Thursday, May 30, 2019

How to implement select all function for multiple sets of checkbox items on the same webpage using simple JavaScript

When designing a webpage with list of checkbox items, it is common and useful to implement a Select All/None function so that the user can easily select/unselect all items with a single mouse click.

This can be done with a simple JavaScript function, even without the need of using jQuery.

Now, the challenge is, when you have multiple sets of checkbox items on the same webpage, how to implement a shared JavaScript function to handle the Select All/None action to each set of the items respectively, so that when the user Select All in one of the sets, the other sets will remain unaffected by the action?

Let's say, we have 3 sets of item as below:

You can use separate FORM for each of the sets, and use FORM ID to distinguish each of the FORM. Each FORM will need to handle their own SUBMIT action separately.

If the different sets are within the same FORM and share the same SUBMIT action, you can make use of CLASS name in their CHECKBOX elements to distinguish and separate out the sets.

Here is the JavaScript codes to implement the Select All/None function (click the image to enlarge it):

and below is the HTML BODY part of the sample webpage (click the image to enlarge it):

Set 1 is in separate FORM from Set 2 and Set 3 with a different FORM ID. Note that even though Set 1 and Set 2 are both using the same CHECKBOX CLASS name, their checkboxes will can be selected all/none separately.

Set 2 and Set 3 are within the same FORM. We can still separate them by using different CHECKBOX CLASS names.

Our simple checkAll JavaScript function accepts both the FORM ID (as 1st parameter) and CLASS NAME (as 2nd parameter), and making use of its 3rd parameter as toggle. In this way, you can use this checkAll function to handle all the sets on the same webpage.

You can create a HTML file to try it out. Since this is just an ordinary HTML with simple JavaScript, it can run even without any web server. Just create the HTML, and open it with your web browser to test it out.

Monday, May 13, 2019

How to choose a better maintenance free car battery

Car battery is a consumable product that will eventually fail over time. When we say a better car battery, the most important point is that it can last longer and degrade slower.

Below are some of the criteria to look for in selecting a better car battery.

1. Brand

The lifespan of battery is affected by high temperature. Certain brand of battery is manufactured for use in hot equatorial areas, such as Amaron, Exide, etc.


2. Size

The battery for normal passenger car is normally of NS40, NS60 or NS70. NS60 is more powerful than NS40, and NS70 is more powerful than NS60.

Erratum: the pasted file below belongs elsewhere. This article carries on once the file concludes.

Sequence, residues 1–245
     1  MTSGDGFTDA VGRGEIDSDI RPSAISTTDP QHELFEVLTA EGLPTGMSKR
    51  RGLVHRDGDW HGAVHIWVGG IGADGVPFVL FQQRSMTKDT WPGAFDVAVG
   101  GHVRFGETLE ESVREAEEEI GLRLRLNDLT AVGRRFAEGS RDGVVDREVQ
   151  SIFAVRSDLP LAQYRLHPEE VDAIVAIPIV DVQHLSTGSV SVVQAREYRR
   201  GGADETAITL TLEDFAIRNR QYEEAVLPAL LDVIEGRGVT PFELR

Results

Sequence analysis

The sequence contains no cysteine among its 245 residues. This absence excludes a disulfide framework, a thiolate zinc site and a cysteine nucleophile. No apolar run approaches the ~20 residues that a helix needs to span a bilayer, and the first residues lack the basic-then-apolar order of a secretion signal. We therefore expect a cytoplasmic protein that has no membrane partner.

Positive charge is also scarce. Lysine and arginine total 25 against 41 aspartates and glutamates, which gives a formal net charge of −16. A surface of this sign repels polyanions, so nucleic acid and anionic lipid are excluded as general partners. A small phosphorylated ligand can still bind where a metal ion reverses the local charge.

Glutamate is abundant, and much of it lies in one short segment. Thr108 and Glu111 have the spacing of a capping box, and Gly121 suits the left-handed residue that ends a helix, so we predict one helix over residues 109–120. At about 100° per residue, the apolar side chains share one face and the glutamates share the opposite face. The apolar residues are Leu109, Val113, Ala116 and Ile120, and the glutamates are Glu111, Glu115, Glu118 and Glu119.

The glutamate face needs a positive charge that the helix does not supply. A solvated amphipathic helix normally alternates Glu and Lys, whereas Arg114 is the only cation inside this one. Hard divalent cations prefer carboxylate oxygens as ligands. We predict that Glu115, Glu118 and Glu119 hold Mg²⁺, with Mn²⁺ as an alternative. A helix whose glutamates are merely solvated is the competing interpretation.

However, choosing the right size of battery that match with your car's alternator is important. If you car's alternator is generating smaller current and designed to work with NS40 type of battery, it is better for you to stick to NS40 or at most upgrade to NS60 but not beyond.

This is because if the charge supplied from alternator is not sufficient to make the battery fully charged, the battery will suffer premature death and therefore has a shorter life span.

In addition, bigger battery will cause heavier workload to the alternator, which might also reduce the life span of the alternator.

Regardless of the size of the battery, if the charging system is unstable, the battery will die fast.

3. Performance Rating

A battery number looks like this: 46B24L

The first 2 digit is its overall performance rating. The higher the better.

The alphabet after the first 2 digit is an indicator of the battery's width and height. This alphabet can be from A to H. Smaller alphabet indicates smaller width and height.

The number after the alphabet is its length in centimeter. For the battery number 46B24L, its length is 24cm.

The final alphabet indicates the position of its positive terminal. L means it is on the left, and R means it is on the right.

4. Amp Hour (AH)

Amp Hour is an indicator of how much energy is stored in a battery.

It is the energy a 12 volts battery can deliver continuously for 20 hours (C20) at 80°F (26.7°C) without falling below 10.5 volts.

The state when the battery's energy fall below 1.75 volts per cell (or 10.5 volts in a 6-cells 12 volts battery) is considered as "fully discharged".

There are several C-rating given to the batteries in relation to its AH, by giving the battery a specific load to discharge:
  • C3 means the battery will be fully discharged over a period of 3 hours.
  • C5 means the battery will be fully discharged over a period of 5 hours.
  • C8 means the battery will be fully discharged over a period of 8 hours.
  • C10 means the battery will be fully discharged over a period of 10 hours.